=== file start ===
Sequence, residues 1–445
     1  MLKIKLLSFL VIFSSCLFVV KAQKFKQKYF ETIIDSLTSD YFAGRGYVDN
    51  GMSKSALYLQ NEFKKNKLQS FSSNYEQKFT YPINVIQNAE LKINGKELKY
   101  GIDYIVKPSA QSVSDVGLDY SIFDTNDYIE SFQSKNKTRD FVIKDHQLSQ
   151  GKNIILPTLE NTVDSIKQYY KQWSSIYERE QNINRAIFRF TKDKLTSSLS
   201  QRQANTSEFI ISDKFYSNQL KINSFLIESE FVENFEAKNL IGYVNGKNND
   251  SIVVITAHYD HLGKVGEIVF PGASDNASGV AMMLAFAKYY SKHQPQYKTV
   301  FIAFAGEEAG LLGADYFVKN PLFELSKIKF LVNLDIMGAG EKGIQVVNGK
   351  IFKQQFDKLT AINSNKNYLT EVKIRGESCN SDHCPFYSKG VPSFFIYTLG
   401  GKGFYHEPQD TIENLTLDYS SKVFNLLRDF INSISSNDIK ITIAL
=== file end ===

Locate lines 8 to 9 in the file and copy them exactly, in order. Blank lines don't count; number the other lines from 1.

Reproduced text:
   301  FIAFAGEEAG LLGADYFVKN PLFELSKIKF LVNLDIMGAG EKGIQVVNGK
   351  IFKQQFDKLT AINSNKNYLT EVKIRGESCN SDHCPFYSKG VPSFFIYTLG